Miranda Lambert Concert Incident: Phone Usage Debate
After a concert incident at Planet Hollywood’s Bakkt Theater in Las Vegas, Miranda Lambert was a social media sensation. Lambert stopped performing “Tin Man” to address fans taking selfies, which was caught on video and shared on TikTok. The viral video sparked a heated debate about phone and social media use at live events.
“These girls are worried about their selfie and not listening to the song,” Lambert says in the video. I’m annoyed.” Concertgoers and online viewers reacted differently to her candid comment.
Adela Calin, a Las Vegas influencer with 19,000 Instagram followers, claims to be Lambert’s target. Calin told CBS News that she and her friends were taking a group photo with Lambert in the background without disrupting the performance. However, Lambert’s reaction embarrassed Calin and reminded him of school scolding.
Calin said some of her friends left the concert after the public call-out, but she and another friend stayed and enjoyed the show. Calin noted that many audience members were taking pictures, and she thought Lambert may have been frustrated with the overall phone usage and made an example of them.
TikTok’s 2.4 million views divided viewers and concertgoers. Some praised Lambert for opposing phone use during performances, saying it showed respect to the artist and fans. However, critics argued that public shaming is not appropriate and that artists should establish clear phone use policies at their shows, like Bruno Mars, who reportedly asked fans not to use their phones during a 2022 Las Vegas concert.
The concert phone debate continues without Lambert’s comment. Artists must balance audience engagement with fan distractions. Numerous musicians and performers have voiced concerns about phone usage during live shows. Smartphones and social media have made concertgoers record and share performances instantly. This may boost an artist’s exposure, but it can also ruin the concert experience.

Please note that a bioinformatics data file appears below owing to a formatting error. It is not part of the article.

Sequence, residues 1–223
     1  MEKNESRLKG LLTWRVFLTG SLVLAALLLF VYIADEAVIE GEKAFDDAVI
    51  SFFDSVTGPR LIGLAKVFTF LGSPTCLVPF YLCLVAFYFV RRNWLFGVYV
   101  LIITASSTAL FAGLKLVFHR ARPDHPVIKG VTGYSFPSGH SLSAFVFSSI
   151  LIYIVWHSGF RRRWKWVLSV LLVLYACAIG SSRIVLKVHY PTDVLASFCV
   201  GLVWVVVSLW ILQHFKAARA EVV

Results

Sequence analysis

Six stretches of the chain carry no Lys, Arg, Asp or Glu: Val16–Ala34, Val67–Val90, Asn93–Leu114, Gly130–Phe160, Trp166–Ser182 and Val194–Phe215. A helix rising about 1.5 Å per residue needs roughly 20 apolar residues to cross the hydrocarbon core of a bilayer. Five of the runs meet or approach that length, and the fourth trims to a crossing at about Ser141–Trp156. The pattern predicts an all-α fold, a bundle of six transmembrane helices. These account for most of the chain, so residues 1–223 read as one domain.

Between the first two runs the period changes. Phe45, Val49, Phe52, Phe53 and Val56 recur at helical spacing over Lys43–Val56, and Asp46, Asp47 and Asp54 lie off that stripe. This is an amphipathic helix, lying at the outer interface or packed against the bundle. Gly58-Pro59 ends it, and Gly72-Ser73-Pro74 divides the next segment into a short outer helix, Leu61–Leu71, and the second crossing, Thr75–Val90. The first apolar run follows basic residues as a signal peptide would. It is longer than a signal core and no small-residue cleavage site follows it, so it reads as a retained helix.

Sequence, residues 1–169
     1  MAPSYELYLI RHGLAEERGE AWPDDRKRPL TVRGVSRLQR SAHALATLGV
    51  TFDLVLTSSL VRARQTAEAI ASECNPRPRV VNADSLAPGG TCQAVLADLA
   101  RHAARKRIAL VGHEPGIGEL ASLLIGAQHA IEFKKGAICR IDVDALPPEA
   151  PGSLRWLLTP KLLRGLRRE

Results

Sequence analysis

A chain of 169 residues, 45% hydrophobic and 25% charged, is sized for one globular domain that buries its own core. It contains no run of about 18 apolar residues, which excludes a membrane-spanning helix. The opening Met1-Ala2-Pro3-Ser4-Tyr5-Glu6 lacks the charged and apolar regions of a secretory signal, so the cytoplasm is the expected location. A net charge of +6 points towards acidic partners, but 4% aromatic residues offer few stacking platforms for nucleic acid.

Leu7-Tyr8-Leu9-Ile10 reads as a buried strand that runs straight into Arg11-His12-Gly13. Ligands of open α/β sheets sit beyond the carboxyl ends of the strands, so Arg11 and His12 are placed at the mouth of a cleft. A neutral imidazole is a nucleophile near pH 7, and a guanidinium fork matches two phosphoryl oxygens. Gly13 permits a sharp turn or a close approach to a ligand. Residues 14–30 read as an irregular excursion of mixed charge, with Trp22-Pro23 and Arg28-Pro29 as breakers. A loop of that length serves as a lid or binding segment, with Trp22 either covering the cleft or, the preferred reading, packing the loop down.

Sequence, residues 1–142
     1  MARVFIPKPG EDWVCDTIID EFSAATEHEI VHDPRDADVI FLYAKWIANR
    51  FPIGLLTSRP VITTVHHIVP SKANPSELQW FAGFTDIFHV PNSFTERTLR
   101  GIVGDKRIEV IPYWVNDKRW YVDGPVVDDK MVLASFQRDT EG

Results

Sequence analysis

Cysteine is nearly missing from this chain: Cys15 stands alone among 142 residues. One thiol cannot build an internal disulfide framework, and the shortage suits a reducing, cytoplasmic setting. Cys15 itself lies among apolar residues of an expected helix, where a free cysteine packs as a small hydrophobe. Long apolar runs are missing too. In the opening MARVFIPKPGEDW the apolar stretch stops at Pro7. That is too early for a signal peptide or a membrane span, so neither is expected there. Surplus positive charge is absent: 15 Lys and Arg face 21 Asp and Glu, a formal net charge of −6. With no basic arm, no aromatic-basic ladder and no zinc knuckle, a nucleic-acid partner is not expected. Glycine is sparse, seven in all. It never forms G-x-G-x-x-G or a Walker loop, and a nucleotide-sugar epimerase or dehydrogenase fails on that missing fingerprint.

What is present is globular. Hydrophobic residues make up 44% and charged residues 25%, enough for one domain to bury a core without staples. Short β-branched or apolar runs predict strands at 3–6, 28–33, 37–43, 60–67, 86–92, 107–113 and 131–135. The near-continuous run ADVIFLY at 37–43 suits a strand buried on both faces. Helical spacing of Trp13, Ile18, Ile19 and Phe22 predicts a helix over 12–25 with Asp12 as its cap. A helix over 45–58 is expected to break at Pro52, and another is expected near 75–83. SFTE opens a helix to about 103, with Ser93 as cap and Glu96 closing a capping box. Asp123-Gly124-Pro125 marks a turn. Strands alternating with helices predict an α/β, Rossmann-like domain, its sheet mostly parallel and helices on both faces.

Critics say excessive phone use disrupts others and detracts from the artist’s performance and audience connection. Some fans may be too busy taking photos to enjoy the concert. However, concert sharers argue that social media has become an essential part of modern culture, allowing fans to instantly express their love for their favorite artists. These platforms allow artists to connect directly with their fans.
Despite disagreements, artists are finding ways to address phone use during performances. Some have banned phones or partnered with phone lockbox services to let fans enjoy the show. Others use technology to encourage fans to take photos at specific times, balancing engagement and enjoyment.
Miranda Lambert may need to rethink her concert phone policy as the conversation evolves. Public call-outs can be powerful, but they can also harm fans and performers. Clear and respectful phone usage guidelines may improve modern concert experiences.
Meanwhile, the Miranda Lambert concert incident sparks a music industry discussion about technology and live concerts. To enjoy live music, artists and fans must find common ground as the digital landscape changes.